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Possible help with tinnitus?

Mohi

Inspired
Mine is funny, I have days I can't barely hear it, and other days is so loud can't watch TV, aways in line with my neck pain, I have some problems from C6 to C4 and tinnitus and neck pain came together, I suspect it has to do with tension accumulated in the SCM out of the neck problems.

So what it helps for me is to move my head for one side to the other, like saying "no", a bit fast, and my T almost goes away, I guess some nerves get unlocked, or vessels unobstructed, who knows, I can't do it former the 20 seconds as it hurts. I have been so far unable to find a doctor that can help me, I'd rather get rid of the pain than the T, though, T has not gone worse for two years, pain yes.
 

LosD

Inspired
Mine is funny, I have days I can't barely hear it, and other days is so loud can't watch TV, aways in line with my neck pain, I have some problems from C6 to C4 and tinnitus and neck pain came together, I suspect it has to do with tension accumulated in the SCM out of the neck problems.

So what it helps for me is to move my head for one side to the other, like saying "no", a bit fast, and my T almost goes away, I guess some nerves get unlocked, or vessels unobstructed, who knows, I can't do it former the 20 seconds as it hurts. I have been so far unable to find a doctor that can help me, I'd rather get rid of the pain than the T, though, T has not gone worse for two years, pain yes.
Sorry to hear about neck pain. Have you ever had a doppler ultrasound to check for your blood circulation? Mine came back clean (as did 2 MRIs and a Cat scan) though Tinnitus is still very much there. But the doppler scan may(?) show anything happening on the vessels (at least, I would think).

(Of course, don't take medical advice from a guitar modeling OEM forum).
 

Mohi

Inspired
Hi, I got 2 MRIs actually, all of them showing problems in my neck but doctors where unable to find a treatment yet, now I am trying PRP and if it does not go well, probably surgery to fix the vertebrae. But that doppler thing did not try, maybe it is helpful, thanks for the tip.

So really what is killing me is the neck trouble, sometimes I just innocently turn my head and the neck cracks like it is broken, a person at two meters can here it cracking. And also is affecting me in work as I can´t sit most of the time, actually if I am more than 15minutes sitting in front of the computer, the pain and noise sky rocket, it is a bit disturbing.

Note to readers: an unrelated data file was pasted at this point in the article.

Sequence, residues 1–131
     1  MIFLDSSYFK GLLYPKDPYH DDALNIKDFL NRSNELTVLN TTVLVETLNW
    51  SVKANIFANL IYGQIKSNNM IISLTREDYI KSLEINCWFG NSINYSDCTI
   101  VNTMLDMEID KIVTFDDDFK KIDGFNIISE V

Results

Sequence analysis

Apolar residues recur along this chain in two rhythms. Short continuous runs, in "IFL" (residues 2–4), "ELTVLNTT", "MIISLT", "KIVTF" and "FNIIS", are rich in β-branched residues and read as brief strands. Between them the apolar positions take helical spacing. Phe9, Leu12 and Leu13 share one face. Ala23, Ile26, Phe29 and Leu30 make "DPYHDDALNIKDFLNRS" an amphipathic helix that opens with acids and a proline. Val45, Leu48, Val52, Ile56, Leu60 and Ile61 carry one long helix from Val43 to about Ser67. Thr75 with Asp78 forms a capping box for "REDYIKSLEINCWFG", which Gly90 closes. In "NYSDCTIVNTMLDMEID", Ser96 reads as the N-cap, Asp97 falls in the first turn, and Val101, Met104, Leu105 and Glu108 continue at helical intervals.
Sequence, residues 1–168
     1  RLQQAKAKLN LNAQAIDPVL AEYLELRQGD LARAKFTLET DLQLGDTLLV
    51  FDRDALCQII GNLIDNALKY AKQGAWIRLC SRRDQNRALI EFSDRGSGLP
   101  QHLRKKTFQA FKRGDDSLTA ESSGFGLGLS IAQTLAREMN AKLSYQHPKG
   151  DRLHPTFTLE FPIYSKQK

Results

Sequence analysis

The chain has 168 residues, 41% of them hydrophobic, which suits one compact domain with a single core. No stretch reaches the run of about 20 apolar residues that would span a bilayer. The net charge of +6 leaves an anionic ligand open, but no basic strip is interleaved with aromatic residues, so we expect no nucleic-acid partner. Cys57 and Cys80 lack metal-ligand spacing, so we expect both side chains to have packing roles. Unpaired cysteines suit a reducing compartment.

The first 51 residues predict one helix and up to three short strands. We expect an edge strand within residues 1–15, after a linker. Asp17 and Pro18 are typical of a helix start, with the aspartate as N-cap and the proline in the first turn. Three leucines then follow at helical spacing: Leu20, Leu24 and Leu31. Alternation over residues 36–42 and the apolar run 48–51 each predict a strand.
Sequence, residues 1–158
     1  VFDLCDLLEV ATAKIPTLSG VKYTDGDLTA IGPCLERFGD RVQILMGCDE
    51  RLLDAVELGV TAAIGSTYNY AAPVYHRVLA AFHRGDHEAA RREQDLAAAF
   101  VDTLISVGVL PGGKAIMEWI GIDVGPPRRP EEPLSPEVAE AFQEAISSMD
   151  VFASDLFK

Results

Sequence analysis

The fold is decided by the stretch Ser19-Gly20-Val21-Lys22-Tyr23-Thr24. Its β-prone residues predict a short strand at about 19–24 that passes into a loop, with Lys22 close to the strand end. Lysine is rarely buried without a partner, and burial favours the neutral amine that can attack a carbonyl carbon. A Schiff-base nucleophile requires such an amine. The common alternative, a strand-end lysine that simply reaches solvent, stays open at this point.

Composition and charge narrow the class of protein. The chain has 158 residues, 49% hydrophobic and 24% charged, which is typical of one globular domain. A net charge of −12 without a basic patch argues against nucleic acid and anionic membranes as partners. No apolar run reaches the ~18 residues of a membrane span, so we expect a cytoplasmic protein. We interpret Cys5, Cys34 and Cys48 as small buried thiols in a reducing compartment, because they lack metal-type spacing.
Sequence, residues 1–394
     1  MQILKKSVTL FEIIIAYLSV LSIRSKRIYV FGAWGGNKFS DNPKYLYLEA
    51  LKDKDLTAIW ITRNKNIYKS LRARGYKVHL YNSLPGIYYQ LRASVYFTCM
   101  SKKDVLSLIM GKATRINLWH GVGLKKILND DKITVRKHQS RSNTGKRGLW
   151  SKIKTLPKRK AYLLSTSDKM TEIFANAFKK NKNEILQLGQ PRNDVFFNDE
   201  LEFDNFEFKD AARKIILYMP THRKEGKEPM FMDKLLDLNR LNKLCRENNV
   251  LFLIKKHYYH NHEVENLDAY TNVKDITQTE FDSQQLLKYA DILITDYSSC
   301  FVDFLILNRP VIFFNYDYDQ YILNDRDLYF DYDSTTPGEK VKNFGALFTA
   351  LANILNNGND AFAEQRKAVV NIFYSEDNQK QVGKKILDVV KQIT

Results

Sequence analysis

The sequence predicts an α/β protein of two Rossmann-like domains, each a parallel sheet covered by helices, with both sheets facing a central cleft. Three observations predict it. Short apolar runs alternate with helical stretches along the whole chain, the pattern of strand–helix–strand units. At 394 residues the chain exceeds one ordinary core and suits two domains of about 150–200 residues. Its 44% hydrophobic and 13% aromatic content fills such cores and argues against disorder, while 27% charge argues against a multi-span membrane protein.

But getting back to the T, yes it is a bith, when it hits hard on me, I even hear some frequencies distorted, when it is mild everything is ok. I also can trigger it hard by all sorts of neck movements and even not moving: just clenching my SCMs and atlas makes it spark like blowing to the fire. I also hear arguably worse the days of bad T, like all that tension in my neck is doing something to my auditory system. I have been for two years like this and fear this will have already done some permanent damage.

But I am learning a lot of history, since cannot be in silence, I listen to a lot of podcasts :)
 

levipeto

Fractal Fanatic
Mine is funny, I have days I can't barely hear it, and other days is so loud can't watch TV, aways in line with my neck pain, I have some problems from C6 to C4 and tinnitus and neck pain came together, I suspect it has to do with tension accumulated in the SCM out of the neck problems.

So what it helps for me is to move my head for one side to the other, like saying "no", a bit fast, and my T almost goes away, I guess some nerves get unlocked, or vessels unobstructed, who knows, I can't do it former the 20 seconds as it hurts. I have been so far unable to find a doctor that can help me, I'd rather get rid of the pain than the T, though, T has not gone worse for two years, pain yes.

I had seveire neck problem form c4-c7 (and t1). I went to see a Gonstead chiropractor for three years!! I had constant pain with electric shocks going down to my arms. I could barely grip. I almost had surgery, which the surgent wanted to do. My chiropractic said don't do it, he can help, but if I do the surgery, he will no longer be able to help.
After several sessions, it has gotten better but not entirely solved; I still had pain.

What solved it for me was swimming!!! I swam almost daily or at least every other day until the pandemic started. Swimming is so essential even these days that last year we bought a house that has a pool and finally a few weeks ago I was able to start swimming again.
When I went on a vacation before the pandemic, I had to look up a nearby swimming pool.
 

maxdown

Fractal Fanatic
If you increase the force of the tapping shown in the OP video to a good old head slapping then mild concussion does seem to work.

I thought tinnitus was as much brain related as ear related? The frequencies unable to get heard any longer by the damaged ear bit are generated by the brain because it doesn't like that void in the auditory spectrum ... so the frequency is 'turned on' all the time.

I have it - the high frequency whine type ... thankfully not the rustling paper type.

I can ignore it .... it's just 'normal' for me now. My friend has it too and he is demented by it when trying to sleep - he finds opening a window to let in traffic noise helps distract him from it.